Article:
Other Important Considerations
- Parking & Amenities: Is parking hard to find? Is parking free or paid? Are there restrooms and tables onsite? Knowing parking availability is helpful to determine if we need to visit a beach first thing in the morning. Onsite restrooms are useful for changing clothes and tables are a nice-to-have if you’re trying to protect something from getting too sandy.
- Access: Is the beach or snorkeling site easy to get to? Understanding how accessible a beach is will determine if there’s any pre-planning involved.
Best of Big Island Beaches
- Kealakekua Bay (Captain Cook Monument) (Kona side)
- Hāpuna Beach (Kona side)
- Kaimū Black Sand Beach (Hilo side)
- Pololū Valley Beach (Hilo side)
- Kaunaʻoa (Mauna Kea) Beach (Kona side)
- Punalu’u Black Sand Beach (Hilo side)
- Honaunau Bay (Two Step Beach) (Kona side)
#1: Kealakekua Bay (Captain Cook Monument)
“we saw multiple spinner dolphin pods along our kayak ride”
Why it made the list: This was our favorite snorkeling spot on the whole island. While not a beach, no trip to the Big Island is complete with a visit to Kealakekua Bay (also informally referred to as Captain Cook). The Bay gets its nickname from the large obelisk that memorializes the spot where Captain Cook was murdered, after attempting to seize power from the then King of Hawai’i. You can learn more about the monument’s sordid history here. Kealakekua is home to many varieties of fish and its waters are calm and clear. While we didn’t see any manta rays, we saw multiple spinner dolphin pods along our kayak ride.
Things to Know: The waters of Kealakekua Bay are protected and require a permit issued by the Division of State Parks to enter. There are only 3 ways to get to the monument: by hike, kayak, or boat tour. If you are able, I’d highly recommend either the hike or self-kayak option so that you’re not bound to someone else’s schedule. We chose to kayak because we heard that would be the greatest chance of spotting spinner dolphin pods, which are harder to spot if you stay close to the monument.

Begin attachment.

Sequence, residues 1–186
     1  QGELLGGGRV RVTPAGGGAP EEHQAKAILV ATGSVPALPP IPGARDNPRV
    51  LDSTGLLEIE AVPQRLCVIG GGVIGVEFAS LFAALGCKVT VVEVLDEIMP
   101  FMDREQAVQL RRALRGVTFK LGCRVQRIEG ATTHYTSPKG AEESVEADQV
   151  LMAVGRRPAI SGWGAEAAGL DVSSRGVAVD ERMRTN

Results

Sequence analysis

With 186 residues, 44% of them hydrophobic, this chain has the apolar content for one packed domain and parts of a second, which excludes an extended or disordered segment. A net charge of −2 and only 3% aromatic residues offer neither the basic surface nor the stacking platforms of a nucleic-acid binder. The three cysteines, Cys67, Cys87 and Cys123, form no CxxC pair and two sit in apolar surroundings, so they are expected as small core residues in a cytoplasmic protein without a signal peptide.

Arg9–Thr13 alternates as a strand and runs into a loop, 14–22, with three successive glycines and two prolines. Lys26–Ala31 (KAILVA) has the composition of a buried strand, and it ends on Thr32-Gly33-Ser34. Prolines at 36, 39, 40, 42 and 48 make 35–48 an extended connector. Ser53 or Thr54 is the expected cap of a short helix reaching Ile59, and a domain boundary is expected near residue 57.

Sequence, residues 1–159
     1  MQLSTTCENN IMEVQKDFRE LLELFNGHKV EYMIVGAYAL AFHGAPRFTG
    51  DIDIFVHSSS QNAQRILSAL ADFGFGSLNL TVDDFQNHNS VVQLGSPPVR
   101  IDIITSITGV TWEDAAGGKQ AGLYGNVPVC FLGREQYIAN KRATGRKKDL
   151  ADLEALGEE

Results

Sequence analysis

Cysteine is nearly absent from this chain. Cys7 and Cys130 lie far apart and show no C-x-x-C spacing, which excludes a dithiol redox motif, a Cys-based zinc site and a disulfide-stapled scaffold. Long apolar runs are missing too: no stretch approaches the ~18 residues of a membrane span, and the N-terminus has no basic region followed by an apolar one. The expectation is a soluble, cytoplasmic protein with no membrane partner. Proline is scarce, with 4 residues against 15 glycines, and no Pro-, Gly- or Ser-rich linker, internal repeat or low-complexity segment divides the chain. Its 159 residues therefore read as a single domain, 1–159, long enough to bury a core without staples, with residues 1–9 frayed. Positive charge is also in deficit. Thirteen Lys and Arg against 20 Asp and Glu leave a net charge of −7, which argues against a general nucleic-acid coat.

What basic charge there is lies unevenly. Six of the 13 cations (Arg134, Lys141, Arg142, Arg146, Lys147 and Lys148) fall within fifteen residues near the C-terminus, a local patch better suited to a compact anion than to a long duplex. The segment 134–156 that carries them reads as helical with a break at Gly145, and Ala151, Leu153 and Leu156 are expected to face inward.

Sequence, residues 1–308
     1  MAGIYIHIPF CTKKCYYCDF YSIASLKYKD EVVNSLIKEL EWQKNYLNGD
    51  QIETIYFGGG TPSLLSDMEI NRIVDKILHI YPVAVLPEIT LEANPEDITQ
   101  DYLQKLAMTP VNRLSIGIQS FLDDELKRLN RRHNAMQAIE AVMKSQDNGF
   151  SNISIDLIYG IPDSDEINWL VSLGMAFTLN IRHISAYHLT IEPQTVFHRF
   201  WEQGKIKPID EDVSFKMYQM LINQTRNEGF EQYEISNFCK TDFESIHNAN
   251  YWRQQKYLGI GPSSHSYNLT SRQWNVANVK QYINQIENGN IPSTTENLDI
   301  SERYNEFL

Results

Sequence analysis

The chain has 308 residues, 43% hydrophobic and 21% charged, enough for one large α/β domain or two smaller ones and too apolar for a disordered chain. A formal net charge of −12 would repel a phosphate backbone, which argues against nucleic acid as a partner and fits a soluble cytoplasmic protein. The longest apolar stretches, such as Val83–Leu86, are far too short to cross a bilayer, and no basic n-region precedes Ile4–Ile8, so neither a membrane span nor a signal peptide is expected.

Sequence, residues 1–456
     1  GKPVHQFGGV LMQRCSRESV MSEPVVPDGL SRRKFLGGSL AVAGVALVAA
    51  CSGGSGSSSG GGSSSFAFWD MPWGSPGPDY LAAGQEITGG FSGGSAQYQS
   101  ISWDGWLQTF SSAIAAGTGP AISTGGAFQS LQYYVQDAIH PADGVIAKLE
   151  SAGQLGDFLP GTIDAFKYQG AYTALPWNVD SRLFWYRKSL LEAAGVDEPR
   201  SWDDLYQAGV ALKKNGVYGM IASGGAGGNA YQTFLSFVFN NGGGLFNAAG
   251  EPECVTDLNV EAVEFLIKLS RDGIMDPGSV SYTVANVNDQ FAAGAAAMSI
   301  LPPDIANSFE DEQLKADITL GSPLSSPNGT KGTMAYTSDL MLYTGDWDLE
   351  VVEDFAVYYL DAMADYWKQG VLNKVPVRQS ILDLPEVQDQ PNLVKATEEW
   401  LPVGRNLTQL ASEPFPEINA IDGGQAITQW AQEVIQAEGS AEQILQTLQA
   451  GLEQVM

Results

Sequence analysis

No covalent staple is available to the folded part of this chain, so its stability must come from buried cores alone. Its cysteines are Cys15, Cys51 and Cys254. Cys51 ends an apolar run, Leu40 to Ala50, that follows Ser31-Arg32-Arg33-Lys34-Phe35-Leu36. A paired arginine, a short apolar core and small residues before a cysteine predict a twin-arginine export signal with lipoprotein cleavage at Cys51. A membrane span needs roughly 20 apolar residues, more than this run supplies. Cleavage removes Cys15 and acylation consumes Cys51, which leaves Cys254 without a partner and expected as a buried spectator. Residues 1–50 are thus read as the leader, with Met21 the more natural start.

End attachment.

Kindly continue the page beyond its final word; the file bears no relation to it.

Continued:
#2: Hāpuna Beach
“If we hadn’t seen dolphins at Kealakekua Bay, Hāpuna Beach would be in the number 1 spot… we saw a large variety of tropical fish and multiple green turtles gliding through the water.”
Why it made the list: If we hadn’t seen dolphins at Kealakekua Bay, Hāpuna Beach would be in the number 1 spot. Hapuna is a huge white sand beach that’s great for most water activities, including snorkeling. Even in the early afternoon, we saw a large variety of tropical fish and multiple green turtles gliding through the water.
Things to Know: You can snorkel from either end of the beach but we followed this Hapuna Beach guide and stuck to the right to have the best chance of seeing turtles (which we did!). There are large rocks on both sides of the beach, which become hazardous when the tides change. We noticed the surf was high and visibility reduced in the late afternoon so we’d recommend making this one of our first beach stops in the morning.
#3: Kaimū Black Sand Beach
“has spectacular cliffside views of the Pacific and is accessible by a short, black and red sand trail”
Why it made the list: Kaimū Black Sand Beach was our favorite beach on the Hilo side of the island. Located in the Pahoa, it is a newly formed black sand beach created by the 2018 volcanic eruption. It is not suitable for any water activities but has spectacular cliffside views of the Pacific and is accessible by a short, black and red sand trail.
Things to Know: You can navigate to Kaimū Black Sand Beach by searching for “Uncle Robert’s Awa Bar” on Google Maps. It’s a perfect stop to make on your drive from Hilo to Kona.
#4: Pololū Valley Beach
“You’ll get a magnificent view of the valley and beach from the Pololū lookout”
Why it made the list: While Pololū Valley Beach is not suitable for swimming, the valley views are spectacular. You’ll get a magnificent view of the valley and beach from the Pololū lookout. I also 100% recommend the 1-mile hike down to the beach if you go on a sunny day.
Things to Know: The hike is steep and rocky so I wouldn’t recommend going down to the valley floor if it’s raining. Here’s the All Trails route you can follow, which will take you from the lookout point down to the beach floor. You can also hike past the beach to the other side that faces the Honokane Nui Valley. While the path is well-trodden, there are minimal signposts. Here’s the guide we followed to make sure we stayed on the right path.
#5: Kaunaʻoa (Mauna Kea) Beach